I recently read an article on Huffington Post by Mark Brennan Rosenberg titled “Are Gay Men A Gay Man’s Worst Enemy?” It really got me to thinking about being gay, having gay friends, and gay culture itself. I have been that catty queen who snarkily strikes down another gay man with bitchy comments. I have also been the gay man who feels like he’s the one being judged by the catty queens. This behavior in our own community coupled with my own insecurities has led me to a place of not taking love chances on anyone. I don’t want to put myself out there in the world. I’m a bystander instead of a participant. It makes me so angry. That anger, initially used as blame and placed on someone else, really reflects back on me. I’m the reason that I don’t go out. I care too much about what other people think because I don’t think too highly of myself. Here’s where unworthiness and undesirability come into play and become immobilizing.

I’m NOT suicidal. I’m a lonely gay man who has let his feeling that no one would care if he lived or died become a room whose walls are closing in. There is no freedom in this room. I’m not saying that I think walking into one of the NYC gay bar’s Posh, Therapy, or Industry is going to change that. I’m not saying that someone I’m interested in showing me a little interest is going to change that. I’m saying that I know I have to find confidence and worthiness in myself. I don’t really know how, but God knows I’m trying to figure that out.

I wish we could bottle up that time in childhood when we feared nothing and were game to try anything. Imagine being able to uncork that bottle and take a small whiff, remembering how it felt to be fearless, to not care what other people thought, to know we were loved, worthy, cared for, desired. 

Go ahead. Imagine that bottle. Uncork it. Breath deep. Find it. Find the courage. Find the confidence. I’m talking to myself here. Breath deep. They’re there. Breath deep, Michael. Now LIVE.

Thursday, July 18, 2013

It's Gonna Take a Reset

Sometimes I just need to clear my head of the pollution that’s clogging up the processor. I need a “reset Safari” button for my brain. The cache needs to be cleared of all of its downloaded cookies and previously viewed pages so that I can browse with a cleaner slate.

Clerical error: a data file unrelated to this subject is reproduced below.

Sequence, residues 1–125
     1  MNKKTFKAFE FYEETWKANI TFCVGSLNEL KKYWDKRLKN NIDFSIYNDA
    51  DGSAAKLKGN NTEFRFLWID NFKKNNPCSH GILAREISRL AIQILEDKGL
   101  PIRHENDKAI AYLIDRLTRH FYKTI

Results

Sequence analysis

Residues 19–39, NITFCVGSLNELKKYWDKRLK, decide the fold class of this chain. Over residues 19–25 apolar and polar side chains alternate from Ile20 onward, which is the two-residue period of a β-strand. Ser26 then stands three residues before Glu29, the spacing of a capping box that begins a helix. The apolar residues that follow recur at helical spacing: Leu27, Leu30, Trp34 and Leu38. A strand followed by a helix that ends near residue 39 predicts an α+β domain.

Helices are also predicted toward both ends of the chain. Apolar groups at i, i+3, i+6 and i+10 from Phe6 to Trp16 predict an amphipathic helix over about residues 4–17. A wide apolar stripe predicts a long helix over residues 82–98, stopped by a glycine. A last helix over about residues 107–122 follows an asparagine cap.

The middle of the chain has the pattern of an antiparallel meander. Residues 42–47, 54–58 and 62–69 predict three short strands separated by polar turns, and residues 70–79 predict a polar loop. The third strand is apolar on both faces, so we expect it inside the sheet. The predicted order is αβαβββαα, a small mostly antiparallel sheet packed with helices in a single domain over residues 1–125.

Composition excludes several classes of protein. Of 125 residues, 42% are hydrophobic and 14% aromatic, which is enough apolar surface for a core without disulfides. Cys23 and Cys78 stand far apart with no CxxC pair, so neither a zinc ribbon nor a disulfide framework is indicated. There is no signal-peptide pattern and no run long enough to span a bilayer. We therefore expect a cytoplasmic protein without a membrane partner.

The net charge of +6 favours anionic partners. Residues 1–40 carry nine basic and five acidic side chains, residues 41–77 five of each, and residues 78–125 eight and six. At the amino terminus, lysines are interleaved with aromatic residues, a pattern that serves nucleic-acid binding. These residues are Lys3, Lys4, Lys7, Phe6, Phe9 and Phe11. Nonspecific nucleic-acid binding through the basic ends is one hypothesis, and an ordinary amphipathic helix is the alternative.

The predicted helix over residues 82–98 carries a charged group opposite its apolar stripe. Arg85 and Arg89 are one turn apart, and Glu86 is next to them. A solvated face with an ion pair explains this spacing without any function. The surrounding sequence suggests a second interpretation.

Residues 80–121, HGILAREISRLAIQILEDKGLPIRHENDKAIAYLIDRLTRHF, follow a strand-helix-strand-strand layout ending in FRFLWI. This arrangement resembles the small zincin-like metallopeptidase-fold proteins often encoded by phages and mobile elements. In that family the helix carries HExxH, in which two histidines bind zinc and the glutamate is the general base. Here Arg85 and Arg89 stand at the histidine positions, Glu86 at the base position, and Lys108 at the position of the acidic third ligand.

The past is the past. I have to learn from it, but not live in it. I have to take what has happened in my life and reconcile it like last months bank statement then file it away. The past can’t be changed. Some of it is joyous and some of it is not. It can’t be put on like a sweater in the cold months. I shouldn’t be paraded around like a prized Pomapoo.

Actions of the past are actions of the past. A bad choice, a hateful criticism from a parent, a harsh word from a stranger is not something that is constant and therefore shouldn’t be on a constant loop of remembrance, playing over and over in my mind.

How will I ever learn to truly love myself, be happy with myself, take pride in myself if I allow shame-filled feelings of my past to keep me in a fear-filled present?

I have been stuck in this purgatory rut of wanting to move forward, of wanting to progress to the next level, but continually falling off the platform as I leap for the gold coin hanging above me.

I see the words that I’m typing. I hear them as they run through my brain before making their way to my fingertips. I know that I can live the life I want. I know that I can find happiness. I know that I can love myself. I know that I can care about other people, another person. It's all about choice, and I seem to keep making the safe one.

I keep wondering what keeps me grounded in my fear? Why do I feel so safe in the rut? Why is pushing against the walls sometimes all that I can manage? Do I need someone else to pull me up? Do I want someone else to pull me up? Why can’t I just climb out all by myself? When will I climb out all by myself?